Please turn on javascript in your browser to play chess.
Debates Forum

Debates Forum

  1. Standard member sasquatch672
    Don't Like It Leave
    24 May '14 09:03
    I disagree with him about the IRS and Benghazi, but perhaps he's just thrown in the towel.

    The VA scandal will stick with the Obama administration

    By Michael Gerson, Published: May 22

    Why do some political scandals stick while others fade? The level of media obsession seems to rise and fall as mysteriously as the stock market. On Benghazi, sell. Hold on the IRS audits. On the Department of Veterans Affairs scandal, buy, buy, buy.

    In the broader scandal market, fraud or criminality helps. Political intrigue is a plus. Sexual content increases attention but may eventually seem pathetically human and excusable. Conservatives are convinced that the liberal media are harder on Republicans. There is a natural human tendency to attribute good motives to people with whom you agree — and corrupt motives to people with whom you don’t. This is also not unknown in the conservative media.

    But I’d contend that the stickiest scandals are the ones that confirm preexisting suspicions — that draw neon outlines on an existing portrait. The Iran-contra affair confirmed a public impression that Ronald Reagan was disengaged. Bill Clinton’s infidelity was further evidence of indiscipline. More recent, the image of Chris Christie as a bully was reinforced by a staff that engaged in malicious bullying.

    This is precisely why President Obama’s VA scandal is the most serious and damaging of his presidency. It is the Obama administration in sum and in miniature: incompetent management of a health system, defended by crude media manipulation.

    Each of these elements deserves some unpacking. The incompetence comes in the aftermath of HealthCare.gov — the Technicolor failure of technocratic liberalism. Again, the White House is shocked, saddened and angered by the management fiasco of a manager under its direct control. In both cases, a presidential priority was badly mishandled over a period of years, and the president seems to have learned about it on cable news. Obama has defended himself by assuming the role of an outraged bystander — which, when it comes to leadership, is more of a self-indictment than a defense.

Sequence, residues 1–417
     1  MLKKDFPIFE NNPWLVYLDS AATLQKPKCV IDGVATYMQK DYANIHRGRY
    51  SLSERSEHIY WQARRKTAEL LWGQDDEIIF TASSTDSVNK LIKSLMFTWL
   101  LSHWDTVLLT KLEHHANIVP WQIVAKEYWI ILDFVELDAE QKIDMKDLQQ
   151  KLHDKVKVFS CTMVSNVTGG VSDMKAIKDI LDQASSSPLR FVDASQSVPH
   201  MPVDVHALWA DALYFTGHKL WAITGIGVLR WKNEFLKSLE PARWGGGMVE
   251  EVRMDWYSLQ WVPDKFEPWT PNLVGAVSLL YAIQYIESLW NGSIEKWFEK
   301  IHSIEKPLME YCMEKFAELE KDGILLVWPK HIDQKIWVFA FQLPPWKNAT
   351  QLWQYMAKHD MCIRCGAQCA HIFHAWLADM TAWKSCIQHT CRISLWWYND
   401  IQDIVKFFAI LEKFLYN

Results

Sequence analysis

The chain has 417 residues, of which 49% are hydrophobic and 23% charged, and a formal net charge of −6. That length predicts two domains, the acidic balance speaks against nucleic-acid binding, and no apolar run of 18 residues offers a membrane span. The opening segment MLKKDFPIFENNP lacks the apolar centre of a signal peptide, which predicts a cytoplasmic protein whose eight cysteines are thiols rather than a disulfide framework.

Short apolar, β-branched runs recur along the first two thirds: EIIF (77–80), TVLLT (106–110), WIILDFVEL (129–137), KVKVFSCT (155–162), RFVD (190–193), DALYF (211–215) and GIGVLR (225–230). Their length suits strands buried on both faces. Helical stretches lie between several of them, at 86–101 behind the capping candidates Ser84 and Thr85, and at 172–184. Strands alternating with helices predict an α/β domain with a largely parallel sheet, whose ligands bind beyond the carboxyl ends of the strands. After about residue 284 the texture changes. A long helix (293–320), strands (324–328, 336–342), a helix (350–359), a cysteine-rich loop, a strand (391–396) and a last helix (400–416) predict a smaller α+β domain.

Modern liberalism involves centralized, bureaucratic authority and therefore presupposes administrative competence. But the caliber of technocrats chosen by Obama — including former health and human services secretary Kathleen Sebelius and VA Secretary Eric K. Shinseki — throws the entire enterprise into question. Are the best and brightest really this dull?

    The more immediate problem for Obama is that the VA scandal comes in the context of a broader health-care debate. The VA health system is unapologetically socialized medicine, in a way that Obamacare (for all its faults) is not. But for the administration, the scandal is an inconvenient public reminder that the centralization of government power in health care has inherent dangers.

    The VA scandal is not only the result of weak leadership; it is typical of government-managed systems, which often ration care with waiting lists and lines. The demands on the VA have been increasing, with large numbers of returning veterans, some with complicated injuries, receiving recently expanded benefits. At the same time, the Obama administration has pledged to reduce waiting lists. The results? Alleged double-booking of appointments. Overburdened staff. And the gaming of lists to hide waiting times.

    Some liberal economists once referred to the VA system as a model for national health reform. It can’t help the cause of liberalism when the results of rationing, inherent in all government-managed care, are dramatically demonstrated.

    In addition, the VA scandal has revealed the naked essence of the White House media management strategy, stripped of adornments such as credibility and sincerity. In a savage fit of accountability, the administration let go a VA health official — who was already scheduled to retire in less than a month. This, presumably, also saved the cost of the cake at his going-away party.

    Then White House press secretary Jay Carney insisted, nine times, that the American Legion was pleased with this housecleaning. The American Legion, however, had actually pronounced it “business as usual” and called for the immediate replacement of Shinseki. What could possess Carney to make a claim that could be immediately and completely disproved? It indicates a strategy that has dispensed with persuasion: Pick a minor scapegoat, institute an inconsequential reform, claim broad support, then insist, tomorrow, that the whole matter is old news.

    But this approach implies a certain amount of contempt for the journalists who are expected to carry the message. Even the most pliant among them wants some scraps of credibility mixed in their feed.

    In a presidency defined by health-care ambitions and debates, the VA scandal is likely to stick — as a summary and a parody.
  2. Standard member finnegan
    GENS UNA SUMUS
    24 May '14 09:50
    Originally posted by sasquatch672
    I disagree with him about the IRS and Benghazi, but perhaps he's just thrown in the towel.